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#1
Im not much into theory but i started to read and learn a few weeks ago just basics and i think this is a thing i must understand.

Lets say someone says "This song is played in G" why is it helpful too know what the song is played in? I think it is if you wanna solo over it and want to solo it right. But then G Blues Scale and there is some Bebop scale or what its called, if you play that in G to the song does it work too, is it "right"? There is different notes in both scales.

Im not good in english but i hope you understand me.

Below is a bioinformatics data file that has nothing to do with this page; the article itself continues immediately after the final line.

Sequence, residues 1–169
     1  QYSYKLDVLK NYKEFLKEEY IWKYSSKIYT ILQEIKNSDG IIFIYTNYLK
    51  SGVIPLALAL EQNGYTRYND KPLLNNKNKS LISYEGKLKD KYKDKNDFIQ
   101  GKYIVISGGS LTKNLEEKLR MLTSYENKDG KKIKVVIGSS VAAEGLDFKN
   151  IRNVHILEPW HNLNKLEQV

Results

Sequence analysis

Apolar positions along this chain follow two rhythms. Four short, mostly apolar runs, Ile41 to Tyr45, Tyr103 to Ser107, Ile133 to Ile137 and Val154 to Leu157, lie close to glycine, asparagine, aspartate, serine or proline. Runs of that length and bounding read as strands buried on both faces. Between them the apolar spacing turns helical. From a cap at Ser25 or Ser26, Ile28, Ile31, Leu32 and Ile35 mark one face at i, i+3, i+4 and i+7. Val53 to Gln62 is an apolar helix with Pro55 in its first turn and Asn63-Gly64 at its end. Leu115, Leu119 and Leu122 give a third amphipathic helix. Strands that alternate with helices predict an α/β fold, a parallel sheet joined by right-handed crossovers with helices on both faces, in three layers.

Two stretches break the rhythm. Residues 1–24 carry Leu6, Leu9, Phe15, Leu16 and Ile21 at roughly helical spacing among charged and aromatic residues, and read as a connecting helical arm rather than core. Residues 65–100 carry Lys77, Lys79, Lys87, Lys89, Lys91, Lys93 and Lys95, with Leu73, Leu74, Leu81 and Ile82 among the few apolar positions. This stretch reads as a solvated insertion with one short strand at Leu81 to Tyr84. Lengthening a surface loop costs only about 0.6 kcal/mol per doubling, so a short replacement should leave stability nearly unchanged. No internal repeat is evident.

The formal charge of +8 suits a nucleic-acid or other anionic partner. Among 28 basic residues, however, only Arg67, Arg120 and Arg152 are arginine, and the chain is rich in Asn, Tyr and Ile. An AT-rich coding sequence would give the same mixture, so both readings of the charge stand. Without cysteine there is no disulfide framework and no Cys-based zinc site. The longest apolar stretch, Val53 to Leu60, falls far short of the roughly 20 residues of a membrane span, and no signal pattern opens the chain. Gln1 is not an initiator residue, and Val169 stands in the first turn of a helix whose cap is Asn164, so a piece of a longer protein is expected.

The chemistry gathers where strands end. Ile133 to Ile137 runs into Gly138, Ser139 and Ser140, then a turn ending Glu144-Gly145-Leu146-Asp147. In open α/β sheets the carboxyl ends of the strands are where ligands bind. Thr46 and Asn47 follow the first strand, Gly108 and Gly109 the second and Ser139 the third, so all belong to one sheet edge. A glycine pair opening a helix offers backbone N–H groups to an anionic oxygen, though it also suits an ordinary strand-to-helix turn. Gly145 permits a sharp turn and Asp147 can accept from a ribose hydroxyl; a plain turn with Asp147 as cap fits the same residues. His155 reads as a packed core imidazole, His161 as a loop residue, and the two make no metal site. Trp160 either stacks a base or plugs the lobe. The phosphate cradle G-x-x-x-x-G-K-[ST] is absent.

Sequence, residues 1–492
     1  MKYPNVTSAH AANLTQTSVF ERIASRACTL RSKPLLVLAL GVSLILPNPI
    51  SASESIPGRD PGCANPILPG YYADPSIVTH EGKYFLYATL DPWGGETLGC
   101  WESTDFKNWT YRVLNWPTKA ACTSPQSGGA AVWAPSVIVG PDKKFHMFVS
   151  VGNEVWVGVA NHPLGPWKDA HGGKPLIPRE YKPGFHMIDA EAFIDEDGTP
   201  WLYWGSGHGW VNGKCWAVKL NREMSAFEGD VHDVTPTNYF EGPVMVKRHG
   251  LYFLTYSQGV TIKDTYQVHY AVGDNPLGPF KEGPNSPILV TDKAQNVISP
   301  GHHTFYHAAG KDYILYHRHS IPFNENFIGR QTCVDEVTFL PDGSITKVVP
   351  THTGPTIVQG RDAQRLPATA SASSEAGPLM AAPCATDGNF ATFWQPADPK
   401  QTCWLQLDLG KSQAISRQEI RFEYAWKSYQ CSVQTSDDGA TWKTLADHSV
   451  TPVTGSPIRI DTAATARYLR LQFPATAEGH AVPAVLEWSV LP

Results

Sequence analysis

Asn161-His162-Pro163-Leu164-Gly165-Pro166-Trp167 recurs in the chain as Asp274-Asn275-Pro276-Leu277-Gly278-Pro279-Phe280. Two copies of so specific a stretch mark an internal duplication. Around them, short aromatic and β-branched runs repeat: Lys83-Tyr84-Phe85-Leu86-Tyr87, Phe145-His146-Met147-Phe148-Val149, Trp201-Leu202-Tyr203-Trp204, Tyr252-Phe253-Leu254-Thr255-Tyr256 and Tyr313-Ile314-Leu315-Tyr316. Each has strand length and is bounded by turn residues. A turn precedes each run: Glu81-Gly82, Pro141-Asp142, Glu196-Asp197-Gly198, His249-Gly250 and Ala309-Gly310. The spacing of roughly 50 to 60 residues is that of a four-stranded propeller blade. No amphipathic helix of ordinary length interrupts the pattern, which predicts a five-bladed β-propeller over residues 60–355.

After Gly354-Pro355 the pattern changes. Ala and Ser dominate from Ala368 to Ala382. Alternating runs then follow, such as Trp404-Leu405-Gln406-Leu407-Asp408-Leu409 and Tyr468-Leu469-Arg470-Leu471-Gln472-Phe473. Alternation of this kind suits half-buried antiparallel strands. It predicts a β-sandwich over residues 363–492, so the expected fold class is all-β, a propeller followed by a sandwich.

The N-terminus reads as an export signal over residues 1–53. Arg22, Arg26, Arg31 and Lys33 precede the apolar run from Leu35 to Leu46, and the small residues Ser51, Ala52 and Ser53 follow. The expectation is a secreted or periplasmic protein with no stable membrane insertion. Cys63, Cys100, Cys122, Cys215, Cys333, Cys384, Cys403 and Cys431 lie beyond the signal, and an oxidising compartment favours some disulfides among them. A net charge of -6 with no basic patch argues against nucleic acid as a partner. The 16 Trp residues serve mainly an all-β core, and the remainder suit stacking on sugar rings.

#2
you could try it. Might work, might not.

but it's important, because if you're gonna jam to a song in G and you play a lick in Eb it's gonna sound like uber****
#3
Alright..

Do not over think it- that is my best advice.

If I told you that this song is in B flat.. then I am giving you a generalization... just in case you get lost you can improv, or just solo. Because in anything you play there will be "accidentals" which is a note outside of the scale.

Unless the specify which scale to play (like "this song is in B flat minor") you should play the major.. With a bit of training you'll be able to hear the difference in the scales (major sounds brighter, minor feels sad and incomplete)

But again.. It is just a generalization. In the 9 years I've spent doing classical music, I have not played a song where an accidental was not written in. So give it a try.. but just remember not to go too far with it.
He don't remember, how it got there
It had a number, written on his forearm
It spelled disaster